If you’ve never seen the original, you’ll like Dirty Dancing the redo. If you were smitten by the heartwarming 1987 release, you may want to dig it out of your DVD pile and watch it. While the redo follows all the beats of the classic coming of age drama, there are some things that just may grate on the nerves of purists.
Diving right in, the casting is just a bit off; Abigail Breslin’s Baby probably should have gone to Sarah Hyland (who plays Baby’s sister). And Colt Prattes is simply too much Lords of Flatbush for the Johnny Castle role, lacking the vulnerability this tender love story calls for. He comes across as self absorbed and a bit arrogant. His Johnny is also damaged goods with an extensive criminal past, as opposed to the original Johnny who eked out an honest living as a painter/plasterer. So Baby saying that Johnny is a lot like her father just rings false.
Next comes the key scene: Baby’s baptism into dirty dancing at the staff dance party. Sadly this too falls flat without the energetic rendition of Do You Love Me by the Contours. Instead we have one of the staff singing Otis Redding’s Love Man. A great classic, but Do You Love Me fits this intro scene to a T.
Later, showing Johnny bedding Katy Sagal’s cougar Vivian (as opposed to simply implying it with dialog) underscores what we don’t like about Johnny. And while his sultry rendition of Fever with Sagal is entertaining, it’s just another reminder of Johnny’s “watch me sing and dance” self-absorbed lothario persona. In the original film, Johnny didn’t appear to enjoy dancing with Vivian, which is why he and Baby dovetailed so nicely; but here, the Vivian-Johnny chemistry is where the real heat emanates.
Showing Lisa and Robbie (Shane Harper) making out at the lakeshore and her flirting with black piano man (Christopher Long) gets us needlessly involved in Lisa’s story, which oddly seems to compete with Baby’s. The same holds true for the mini-B story of the Houseman’s rekindling their romance, a segue that nearly takes on a life of its own. Nicole Scherzinger’s Penny faithfully reproduces her role as dance mentor in trouble, rescued by Baby and her father. Incidentally, Trevor Einhorn is a watered down Neil, without the over-the-top arrogance and geeky persona that made audiences laugh. In some ways, the new Neil is almost suitable for Baby.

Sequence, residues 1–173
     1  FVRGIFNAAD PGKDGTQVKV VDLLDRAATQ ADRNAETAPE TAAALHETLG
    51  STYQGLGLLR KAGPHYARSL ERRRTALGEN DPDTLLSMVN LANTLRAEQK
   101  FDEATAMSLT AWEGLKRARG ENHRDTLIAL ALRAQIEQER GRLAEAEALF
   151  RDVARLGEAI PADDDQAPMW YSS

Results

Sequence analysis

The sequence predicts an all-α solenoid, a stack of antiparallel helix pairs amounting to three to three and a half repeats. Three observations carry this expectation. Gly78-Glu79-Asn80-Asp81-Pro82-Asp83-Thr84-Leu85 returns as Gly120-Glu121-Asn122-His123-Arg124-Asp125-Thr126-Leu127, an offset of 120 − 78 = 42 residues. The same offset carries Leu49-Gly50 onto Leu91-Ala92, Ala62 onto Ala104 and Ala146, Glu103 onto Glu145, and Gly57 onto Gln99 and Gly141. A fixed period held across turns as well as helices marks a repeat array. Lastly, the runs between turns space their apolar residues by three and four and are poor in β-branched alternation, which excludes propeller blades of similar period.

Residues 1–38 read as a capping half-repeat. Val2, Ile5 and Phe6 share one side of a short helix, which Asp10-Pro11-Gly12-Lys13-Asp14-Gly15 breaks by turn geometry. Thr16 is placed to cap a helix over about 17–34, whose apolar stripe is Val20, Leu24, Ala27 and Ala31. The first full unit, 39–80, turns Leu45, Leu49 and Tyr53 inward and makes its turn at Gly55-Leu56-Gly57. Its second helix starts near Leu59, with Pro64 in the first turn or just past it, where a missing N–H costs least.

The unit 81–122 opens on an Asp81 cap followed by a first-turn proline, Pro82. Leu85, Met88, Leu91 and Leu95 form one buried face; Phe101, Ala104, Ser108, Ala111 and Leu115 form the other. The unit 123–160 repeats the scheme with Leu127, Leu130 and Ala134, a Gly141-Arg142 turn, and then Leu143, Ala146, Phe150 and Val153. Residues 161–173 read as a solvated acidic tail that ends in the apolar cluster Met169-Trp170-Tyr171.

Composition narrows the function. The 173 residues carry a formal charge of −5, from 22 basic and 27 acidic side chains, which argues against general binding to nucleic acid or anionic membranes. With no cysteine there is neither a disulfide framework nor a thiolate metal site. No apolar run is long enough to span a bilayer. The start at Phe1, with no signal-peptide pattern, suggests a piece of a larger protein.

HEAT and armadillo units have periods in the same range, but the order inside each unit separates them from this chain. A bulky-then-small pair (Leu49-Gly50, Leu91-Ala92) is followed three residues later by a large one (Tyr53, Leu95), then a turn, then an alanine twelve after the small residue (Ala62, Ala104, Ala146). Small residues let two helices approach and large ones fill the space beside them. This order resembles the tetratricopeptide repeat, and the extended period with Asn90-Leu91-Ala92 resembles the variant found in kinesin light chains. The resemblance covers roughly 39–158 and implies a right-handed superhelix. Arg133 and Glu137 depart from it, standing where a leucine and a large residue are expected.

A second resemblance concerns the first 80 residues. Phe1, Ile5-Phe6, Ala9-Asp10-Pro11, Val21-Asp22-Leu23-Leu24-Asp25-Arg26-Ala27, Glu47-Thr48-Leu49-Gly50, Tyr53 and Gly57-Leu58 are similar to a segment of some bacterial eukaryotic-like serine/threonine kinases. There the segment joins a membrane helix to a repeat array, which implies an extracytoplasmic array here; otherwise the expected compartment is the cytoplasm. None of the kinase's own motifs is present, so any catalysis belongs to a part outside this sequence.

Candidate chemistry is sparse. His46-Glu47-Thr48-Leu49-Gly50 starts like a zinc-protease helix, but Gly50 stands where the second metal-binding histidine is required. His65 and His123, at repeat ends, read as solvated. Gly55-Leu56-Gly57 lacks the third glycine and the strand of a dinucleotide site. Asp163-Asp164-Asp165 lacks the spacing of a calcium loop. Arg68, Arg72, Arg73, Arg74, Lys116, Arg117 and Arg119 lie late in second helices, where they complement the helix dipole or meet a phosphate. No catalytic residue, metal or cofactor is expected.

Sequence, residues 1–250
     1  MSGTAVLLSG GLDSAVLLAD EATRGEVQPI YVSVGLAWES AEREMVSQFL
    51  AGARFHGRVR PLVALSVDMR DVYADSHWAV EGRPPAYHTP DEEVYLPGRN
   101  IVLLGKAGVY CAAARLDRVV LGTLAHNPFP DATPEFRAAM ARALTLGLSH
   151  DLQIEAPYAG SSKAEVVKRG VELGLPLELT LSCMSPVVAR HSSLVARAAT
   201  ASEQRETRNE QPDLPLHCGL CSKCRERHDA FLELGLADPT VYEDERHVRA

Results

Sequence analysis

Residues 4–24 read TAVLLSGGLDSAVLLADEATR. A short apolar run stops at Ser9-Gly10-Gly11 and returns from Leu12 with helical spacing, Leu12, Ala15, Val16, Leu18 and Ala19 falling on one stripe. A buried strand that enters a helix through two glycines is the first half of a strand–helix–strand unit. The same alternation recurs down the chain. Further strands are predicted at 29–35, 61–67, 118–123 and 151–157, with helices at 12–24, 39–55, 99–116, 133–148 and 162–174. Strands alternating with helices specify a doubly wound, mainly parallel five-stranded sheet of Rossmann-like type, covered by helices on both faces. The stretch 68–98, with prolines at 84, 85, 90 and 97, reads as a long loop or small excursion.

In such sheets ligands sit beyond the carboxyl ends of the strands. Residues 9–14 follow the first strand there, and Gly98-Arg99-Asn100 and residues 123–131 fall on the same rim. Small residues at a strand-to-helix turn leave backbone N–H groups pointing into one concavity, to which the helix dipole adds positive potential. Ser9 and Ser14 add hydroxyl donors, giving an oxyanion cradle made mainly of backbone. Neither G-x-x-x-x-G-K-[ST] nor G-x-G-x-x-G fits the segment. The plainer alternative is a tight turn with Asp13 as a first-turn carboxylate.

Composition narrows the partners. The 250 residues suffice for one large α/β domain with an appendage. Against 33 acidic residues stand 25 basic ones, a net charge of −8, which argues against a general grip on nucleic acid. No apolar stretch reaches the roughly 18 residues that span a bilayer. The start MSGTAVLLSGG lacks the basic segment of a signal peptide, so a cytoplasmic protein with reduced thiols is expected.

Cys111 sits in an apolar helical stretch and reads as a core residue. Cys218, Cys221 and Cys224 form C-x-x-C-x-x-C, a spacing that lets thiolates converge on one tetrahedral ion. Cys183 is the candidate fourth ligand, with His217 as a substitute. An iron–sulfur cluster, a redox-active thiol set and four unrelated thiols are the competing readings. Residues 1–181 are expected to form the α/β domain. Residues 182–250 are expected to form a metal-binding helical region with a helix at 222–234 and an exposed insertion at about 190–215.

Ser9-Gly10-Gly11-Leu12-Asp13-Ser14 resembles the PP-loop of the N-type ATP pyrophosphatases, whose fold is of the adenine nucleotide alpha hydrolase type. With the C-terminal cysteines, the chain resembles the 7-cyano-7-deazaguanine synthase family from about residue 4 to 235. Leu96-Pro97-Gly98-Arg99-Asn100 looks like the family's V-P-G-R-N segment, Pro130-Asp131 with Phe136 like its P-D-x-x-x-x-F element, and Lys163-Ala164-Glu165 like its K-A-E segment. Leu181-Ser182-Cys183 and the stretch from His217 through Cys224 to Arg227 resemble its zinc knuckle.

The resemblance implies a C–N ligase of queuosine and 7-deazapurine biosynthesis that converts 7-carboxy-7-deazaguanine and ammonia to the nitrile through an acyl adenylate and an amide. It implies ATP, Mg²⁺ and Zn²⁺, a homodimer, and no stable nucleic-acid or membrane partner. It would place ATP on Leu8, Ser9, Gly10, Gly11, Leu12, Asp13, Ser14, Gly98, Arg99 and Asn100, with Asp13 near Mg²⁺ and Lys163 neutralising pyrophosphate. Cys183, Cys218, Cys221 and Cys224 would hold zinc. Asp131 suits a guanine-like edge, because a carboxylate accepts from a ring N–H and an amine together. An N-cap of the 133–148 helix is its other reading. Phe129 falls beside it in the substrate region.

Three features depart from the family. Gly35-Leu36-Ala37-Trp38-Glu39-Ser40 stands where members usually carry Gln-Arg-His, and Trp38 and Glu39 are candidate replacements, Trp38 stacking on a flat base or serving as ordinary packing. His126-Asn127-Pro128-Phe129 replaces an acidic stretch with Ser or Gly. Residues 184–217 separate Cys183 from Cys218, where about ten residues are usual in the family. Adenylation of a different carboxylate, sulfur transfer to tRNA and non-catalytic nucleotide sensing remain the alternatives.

The magic of Eric Carmen’s Hungry Eyes as Johnny helps Baby through her routine is one of those “movie must haves.” Regrettably, the song is replaced by a milquetoast imitation that accompanies the Johnny-Baby dance as it sinks to room temperature. The heat and sultry moves are simply not there in these studio practice routines.
And while it’s fun to watch Penny sing and dance as she helps Baby master the art of letting the man lead, it again robs us of the Baby-Johnny heat so eloquently portrayed in the original. The film comes closest to generating the kind of incendiary passion we saw in the original during their Love Is Strange tease dance.
The dance finale is also a bit disappointing. Having the two leads sing Bill Medley’s classic, The Time of My Life is a near miss. We want to see how Baby has improved her dancing not listen to her sing. The film’s ending, while emotional, denies us the imaginative conclusion each of us had conjured up in our own minds about the ultimate fate of Baby and Johnny.
All told, we have to give the cast and everyone involved kudos for the courage and work it took to remake this iconic classic.
Dirty Dancing 2017 will be available on DVD June 27th.